The idea of there being such a thing as a work-life balance only broke in to the urban Indian consciousness around the nineties. Most people took it pretty vaguely, adding a mental note to spend more time with their kids, or to go for a good holiday on weekends. Achieving a work-life balance, however, is not just about holidays or weekends. It’s a daily effort to ensure that your work and your life outside of work are both rich and fulfilling.
That makes it a little harder, right? Where, you might ask, can I find a balance between commuting, rushing to work, checking mails on the run, managing a house or a family? It might appear to be more of a race than a balancing act. However, there are better and healthier ways to pull this off. Here are some tips that might help you out:
- Make your to-do list more comprehensive
Your to-do list doesn’t just need to be a list of chores. Add some good stuff there, like taking a walk in the park, or making paper swans with your child. It helps to have something to look forward to, and it’s more likely to be done when it’s written into your schedule.
- Focus on your work, while you’re at work
We often tend to procrastinate in the office, to take off on internet trails, keep a lot of things pending and then try to finish things at home. Instead, try and keep your work time more productive, so that your free time is really free.
- Switch off when you need to
Yes, you’ve heard this before, but you probably haven’t done it as much as you’ve heard it. Switch off your phone, your laptop, give your full attention to whatever you’re doing at the moment, whether it’s cooking or spending an evening out with your friends. We’re not as good at multi-tasking as we imagine, and a half-presence is a lot more exhausting than you’d think.
- Take small breaks through your workday
Taking 10 minutes for a breather, read a book or talk to a friend makes a big impact on your day. It might also help you focus better because short breaks refresh your mind. Just try to avoid spending them in front of a screen, because that’s not really a break at all.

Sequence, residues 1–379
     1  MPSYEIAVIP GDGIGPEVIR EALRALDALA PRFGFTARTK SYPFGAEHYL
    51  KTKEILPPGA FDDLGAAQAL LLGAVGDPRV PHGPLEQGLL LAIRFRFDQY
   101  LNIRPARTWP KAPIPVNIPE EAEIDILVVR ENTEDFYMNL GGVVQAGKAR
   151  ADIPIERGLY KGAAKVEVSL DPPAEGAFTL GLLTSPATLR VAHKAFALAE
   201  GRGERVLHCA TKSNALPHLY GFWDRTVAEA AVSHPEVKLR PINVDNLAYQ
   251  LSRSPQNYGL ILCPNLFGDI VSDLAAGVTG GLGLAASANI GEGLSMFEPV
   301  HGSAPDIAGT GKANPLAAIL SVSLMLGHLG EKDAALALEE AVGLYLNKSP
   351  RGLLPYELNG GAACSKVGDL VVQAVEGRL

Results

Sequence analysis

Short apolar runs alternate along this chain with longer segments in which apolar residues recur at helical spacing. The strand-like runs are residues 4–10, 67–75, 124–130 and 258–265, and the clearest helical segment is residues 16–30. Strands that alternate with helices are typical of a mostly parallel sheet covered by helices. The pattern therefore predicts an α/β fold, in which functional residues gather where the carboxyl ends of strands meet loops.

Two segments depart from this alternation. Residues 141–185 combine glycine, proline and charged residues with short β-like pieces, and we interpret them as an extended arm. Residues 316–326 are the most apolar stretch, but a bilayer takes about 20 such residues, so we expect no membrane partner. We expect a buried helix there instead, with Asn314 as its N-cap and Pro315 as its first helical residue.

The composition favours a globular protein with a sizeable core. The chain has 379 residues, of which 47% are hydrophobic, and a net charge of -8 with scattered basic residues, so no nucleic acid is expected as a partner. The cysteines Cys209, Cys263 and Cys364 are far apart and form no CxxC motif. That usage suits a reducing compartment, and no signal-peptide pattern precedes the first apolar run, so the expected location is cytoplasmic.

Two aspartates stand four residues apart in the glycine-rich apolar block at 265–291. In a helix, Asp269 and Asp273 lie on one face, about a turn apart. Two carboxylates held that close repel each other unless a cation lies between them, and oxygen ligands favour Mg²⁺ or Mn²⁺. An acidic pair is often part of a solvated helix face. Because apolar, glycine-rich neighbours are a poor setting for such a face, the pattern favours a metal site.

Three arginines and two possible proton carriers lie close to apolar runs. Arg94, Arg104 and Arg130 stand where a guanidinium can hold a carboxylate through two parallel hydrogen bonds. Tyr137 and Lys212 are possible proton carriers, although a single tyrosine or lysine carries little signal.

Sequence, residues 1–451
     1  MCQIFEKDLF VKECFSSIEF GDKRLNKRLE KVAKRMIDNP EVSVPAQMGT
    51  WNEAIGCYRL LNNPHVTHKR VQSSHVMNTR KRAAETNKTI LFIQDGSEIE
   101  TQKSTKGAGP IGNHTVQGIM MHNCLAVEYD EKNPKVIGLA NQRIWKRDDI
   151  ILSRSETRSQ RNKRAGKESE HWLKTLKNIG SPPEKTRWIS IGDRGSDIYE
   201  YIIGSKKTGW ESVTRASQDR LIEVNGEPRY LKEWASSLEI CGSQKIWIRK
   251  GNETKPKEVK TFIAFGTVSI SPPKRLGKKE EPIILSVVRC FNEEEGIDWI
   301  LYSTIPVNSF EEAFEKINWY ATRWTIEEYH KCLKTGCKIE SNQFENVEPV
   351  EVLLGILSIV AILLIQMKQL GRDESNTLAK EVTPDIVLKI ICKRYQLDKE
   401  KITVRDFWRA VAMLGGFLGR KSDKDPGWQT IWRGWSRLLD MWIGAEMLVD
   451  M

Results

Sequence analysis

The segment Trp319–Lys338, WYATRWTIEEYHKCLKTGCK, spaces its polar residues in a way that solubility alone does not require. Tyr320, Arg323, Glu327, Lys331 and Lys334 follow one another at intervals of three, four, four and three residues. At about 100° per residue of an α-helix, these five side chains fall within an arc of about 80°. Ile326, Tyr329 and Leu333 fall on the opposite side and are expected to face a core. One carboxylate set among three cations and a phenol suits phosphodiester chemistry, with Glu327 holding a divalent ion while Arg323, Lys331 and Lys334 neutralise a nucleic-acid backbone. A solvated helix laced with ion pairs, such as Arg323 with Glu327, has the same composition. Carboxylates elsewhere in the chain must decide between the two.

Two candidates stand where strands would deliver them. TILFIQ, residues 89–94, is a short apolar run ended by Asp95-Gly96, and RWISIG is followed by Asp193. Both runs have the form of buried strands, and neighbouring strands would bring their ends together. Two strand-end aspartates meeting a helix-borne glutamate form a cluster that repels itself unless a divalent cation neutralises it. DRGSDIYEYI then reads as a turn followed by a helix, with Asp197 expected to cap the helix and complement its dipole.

- Prioritise and make time for personal and health-related things
Create a weekly schedule with things you keep postponing – like health-check-ups, marathon training, signing up for a new course. Make sure that you actually do them, before the next new year’s resolutions start getting ignored.
- Explore unstructured activity
Spending time with family or friends or kids doesn’t mean you need to chart a plan for the evening. Schedule it, yes, but allow the activity to be open, sometimes. You could take a short drive and end up in a new part of town, trying out a new restaurant, meeting some interesting strangers – allow explorations and discoveries in their own space and time.
- Learn something new
One of the things that keeps us motivated is the excitement of learning. Take up weekend language classes, Pilates, theatre workshops, anything that you haven’t tried before. You’ll find yourself a lot more committed to balance when there’s something you really want to grow in.